When we call God Ďour Fatherí, we claim to be his children. In many modern families, it has become the custom to deal with all children in the same manner. But that did not happen in the ancient world. There were different types of sons, with different rights in the family. A daughter received her rights from her husbandís family on marriage, so we shall not discuss daughters here. But let us think about some types of sons, and their relationship with Godís family.
The fatherís first son was called the first-born, and he was the most important son. On his fatherís death, the first-born became head of the family. And the first-born received twice what his brothers received.
In Godís family, Jesus is called the first-born Son (Hebrews 1:6). In fact, he is called Godís only Son (John 3:16). When the first-born son was also the only son, he was even more important. Everything that the father had would become his.
The author of Hebrews mentions another type of son: the illegitimate son. That means a son whose mother was not married to the father. People considered that such a matter brought great shame to the father. The father might deny that the son was his. He took no responsibility for his son, and he refused to teach him.
God has no illegitimate sons. If someone is not a child of God, then that person does not belong to Godís family. That person has no right to call God his Father. That person has no relationship with God.
So, God has only one Son, his first-born, and no illegitimate sons. That fact would seem to mean that nobody except Jesus has a relationship with God. But the author of Hebrews insists that this is not so. He writes that God deals with Christians as sons. God is teaching them all as a father teaches his sons.
In fact, there was another type of son in the ancient family. It is the son whom the father adopts. That was not an uncommon arrangement in the ancient world.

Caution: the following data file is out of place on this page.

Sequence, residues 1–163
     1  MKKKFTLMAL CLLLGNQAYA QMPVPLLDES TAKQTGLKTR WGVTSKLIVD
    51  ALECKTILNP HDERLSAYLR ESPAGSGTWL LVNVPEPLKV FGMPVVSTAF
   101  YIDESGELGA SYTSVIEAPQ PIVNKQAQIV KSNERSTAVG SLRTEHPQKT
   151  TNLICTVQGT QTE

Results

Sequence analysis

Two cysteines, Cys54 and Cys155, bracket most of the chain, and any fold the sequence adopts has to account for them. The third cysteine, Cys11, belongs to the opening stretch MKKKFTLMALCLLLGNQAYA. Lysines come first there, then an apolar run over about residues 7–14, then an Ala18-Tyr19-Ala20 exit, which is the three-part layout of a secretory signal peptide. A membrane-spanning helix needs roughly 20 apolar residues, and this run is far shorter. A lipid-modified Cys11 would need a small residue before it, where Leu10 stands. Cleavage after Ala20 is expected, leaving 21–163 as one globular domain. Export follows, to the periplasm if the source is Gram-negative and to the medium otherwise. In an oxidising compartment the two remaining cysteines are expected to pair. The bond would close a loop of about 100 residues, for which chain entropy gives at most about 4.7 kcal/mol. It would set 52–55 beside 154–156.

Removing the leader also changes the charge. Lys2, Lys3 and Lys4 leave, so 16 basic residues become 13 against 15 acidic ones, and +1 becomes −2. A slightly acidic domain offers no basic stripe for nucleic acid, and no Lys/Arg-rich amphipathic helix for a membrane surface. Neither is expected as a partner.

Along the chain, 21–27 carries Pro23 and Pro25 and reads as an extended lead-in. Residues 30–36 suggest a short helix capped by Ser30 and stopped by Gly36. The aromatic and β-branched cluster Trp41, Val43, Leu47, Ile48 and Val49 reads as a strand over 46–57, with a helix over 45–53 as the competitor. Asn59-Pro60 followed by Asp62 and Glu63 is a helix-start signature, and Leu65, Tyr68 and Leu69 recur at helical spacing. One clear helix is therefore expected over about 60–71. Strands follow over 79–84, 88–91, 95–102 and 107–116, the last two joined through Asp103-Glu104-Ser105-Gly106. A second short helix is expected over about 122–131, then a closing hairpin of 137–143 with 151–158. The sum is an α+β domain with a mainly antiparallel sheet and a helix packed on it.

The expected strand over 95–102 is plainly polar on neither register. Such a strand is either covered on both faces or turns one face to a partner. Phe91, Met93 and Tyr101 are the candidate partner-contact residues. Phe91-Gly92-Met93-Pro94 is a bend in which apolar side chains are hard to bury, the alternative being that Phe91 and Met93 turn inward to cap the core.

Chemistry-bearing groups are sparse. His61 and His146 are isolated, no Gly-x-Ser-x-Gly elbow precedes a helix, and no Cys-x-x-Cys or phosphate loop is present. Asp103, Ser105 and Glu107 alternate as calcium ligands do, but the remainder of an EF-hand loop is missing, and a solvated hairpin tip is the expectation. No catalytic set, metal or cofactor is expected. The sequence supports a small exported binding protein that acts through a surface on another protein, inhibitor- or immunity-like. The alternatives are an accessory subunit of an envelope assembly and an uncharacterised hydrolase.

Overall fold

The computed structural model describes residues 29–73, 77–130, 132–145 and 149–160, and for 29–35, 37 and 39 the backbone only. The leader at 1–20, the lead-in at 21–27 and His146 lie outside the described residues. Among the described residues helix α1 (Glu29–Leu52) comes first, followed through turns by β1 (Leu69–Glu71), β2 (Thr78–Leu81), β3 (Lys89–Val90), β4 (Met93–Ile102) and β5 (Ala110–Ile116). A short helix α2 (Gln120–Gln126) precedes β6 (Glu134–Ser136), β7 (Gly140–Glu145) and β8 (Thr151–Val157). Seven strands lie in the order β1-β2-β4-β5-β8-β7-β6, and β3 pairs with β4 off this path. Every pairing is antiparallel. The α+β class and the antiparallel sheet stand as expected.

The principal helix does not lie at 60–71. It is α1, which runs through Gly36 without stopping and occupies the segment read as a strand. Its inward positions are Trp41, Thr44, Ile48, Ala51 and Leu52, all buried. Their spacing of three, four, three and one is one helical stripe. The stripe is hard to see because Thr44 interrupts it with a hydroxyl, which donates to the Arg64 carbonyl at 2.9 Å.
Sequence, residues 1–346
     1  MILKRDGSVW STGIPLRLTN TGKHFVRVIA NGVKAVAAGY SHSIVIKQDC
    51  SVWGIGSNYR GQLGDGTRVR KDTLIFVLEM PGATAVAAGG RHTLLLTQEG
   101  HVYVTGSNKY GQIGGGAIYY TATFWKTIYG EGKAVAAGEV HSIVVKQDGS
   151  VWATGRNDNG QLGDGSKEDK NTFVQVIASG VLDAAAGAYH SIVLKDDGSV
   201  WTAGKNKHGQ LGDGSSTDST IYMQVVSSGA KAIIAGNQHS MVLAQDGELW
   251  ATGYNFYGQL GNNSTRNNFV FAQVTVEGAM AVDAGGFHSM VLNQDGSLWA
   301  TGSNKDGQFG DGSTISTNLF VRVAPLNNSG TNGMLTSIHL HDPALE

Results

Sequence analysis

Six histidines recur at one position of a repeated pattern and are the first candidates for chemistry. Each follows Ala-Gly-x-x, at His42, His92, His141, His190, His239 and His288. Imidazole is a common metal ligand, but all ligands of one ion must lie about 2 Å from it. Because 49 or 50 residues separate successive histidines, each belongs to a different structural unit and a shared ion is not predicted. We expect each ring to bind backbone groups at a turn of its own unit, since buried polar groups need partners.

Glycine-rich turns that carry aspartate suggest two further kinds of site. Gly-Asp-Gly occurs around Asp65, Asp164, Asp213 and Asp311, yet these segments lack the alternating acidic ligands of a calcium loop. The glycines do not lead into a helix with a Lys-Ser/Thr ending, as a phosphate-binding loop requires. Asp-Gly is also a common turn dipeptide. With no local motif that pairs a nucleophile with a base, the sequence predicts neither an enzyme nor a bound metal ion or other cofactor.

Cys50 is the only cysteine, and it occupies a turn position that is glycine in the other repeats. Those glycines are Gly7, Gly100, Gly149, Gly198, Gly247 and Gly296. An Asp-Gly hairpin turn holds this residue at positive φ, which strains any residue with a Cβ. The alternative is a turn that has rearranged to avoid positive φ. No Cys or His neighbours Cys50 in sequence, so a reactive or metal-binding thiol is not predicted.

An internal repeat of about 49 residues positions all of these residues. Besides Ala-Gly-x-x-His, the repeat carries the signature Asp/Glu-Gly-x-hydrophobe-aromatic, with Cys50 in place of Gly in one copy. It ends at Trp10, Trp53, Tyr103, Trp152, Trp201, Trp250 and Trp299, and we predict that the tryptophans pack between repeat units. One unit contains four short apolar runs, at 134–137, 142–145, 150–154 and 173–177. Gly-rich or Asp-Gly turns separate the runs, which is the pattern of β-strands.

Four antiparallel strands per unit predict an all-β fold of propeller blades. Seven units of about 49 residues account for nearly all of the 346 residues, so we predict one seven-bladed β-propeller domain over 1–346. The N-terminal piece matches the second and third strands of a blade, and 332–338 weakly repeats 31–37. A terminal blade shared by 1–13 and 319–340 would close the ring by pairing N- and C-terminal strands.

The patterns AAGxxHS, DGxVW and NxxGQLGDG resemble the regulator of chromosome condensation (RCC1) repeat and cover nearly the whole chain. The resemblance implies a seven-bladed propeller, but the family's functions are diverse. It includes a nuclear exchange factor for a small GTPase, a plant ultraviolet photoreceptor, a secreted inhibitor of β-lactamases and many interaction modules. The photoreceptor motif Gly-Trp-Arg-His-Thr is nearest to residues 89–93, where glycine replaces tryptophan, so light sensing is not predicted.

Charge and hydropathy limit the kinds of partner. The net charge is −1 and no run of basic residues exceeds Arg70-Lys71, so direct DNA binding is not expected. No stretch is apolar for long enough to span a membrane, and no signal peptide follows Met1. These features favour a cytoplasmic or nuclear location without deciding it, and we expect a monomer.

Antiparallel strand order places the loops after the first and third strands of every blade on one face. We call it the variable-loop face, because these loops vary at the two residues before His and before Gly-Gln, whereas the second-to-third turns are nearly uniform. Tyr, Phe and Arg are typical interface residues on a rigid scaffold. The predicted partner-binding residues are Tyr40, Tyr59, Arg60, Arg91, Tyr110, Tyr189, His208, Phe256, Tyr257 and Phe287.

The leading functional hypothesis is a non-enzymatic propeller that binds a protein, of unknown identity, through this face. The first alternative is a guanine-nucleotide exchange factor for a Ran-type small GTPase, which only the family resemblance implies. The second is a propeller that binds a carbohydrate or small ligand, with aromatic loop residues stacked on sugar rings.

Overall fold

When a man adopted a boy, that boy received all the rights of a son. The boy called the man Ďmy fatherí and the man called him Ďmy soní. Servants and slaves in the family had to deal with that boy as they dealt with the manís other sons. Those other sons had to accept the boy as their brother. And the boy received the same rights as those brothers did on the manís death.
Christians believe that God has adopted them into his family (Galatians 4:5-7). They were not the sons of God before that; in fact, they had no relationship with God (1 Peter 2:10). But God chose to adopt them into his family (Ephesians 1:5). That did not happen because of something that they did. It was Godís action that saved them. He sent Jesus to die on their behalf, so that God could forgive their evil deeds. God offered them a relationship with him, and they accepted it. So God made them his sons.
That is why Jesus calls them his brothers (Hebrews 2:11).
That is why they call God Ďour Fatherí (Matthew 6:9; Galatians 4:6). It is not just words Ė it is the reality. They really are the children of God (1 John 3:1).
Please use the links at the top of the page to find our other articles in this series. You can download all our articles if you go to the download page for our free 450 page course book.
© 2014, Keith Simons.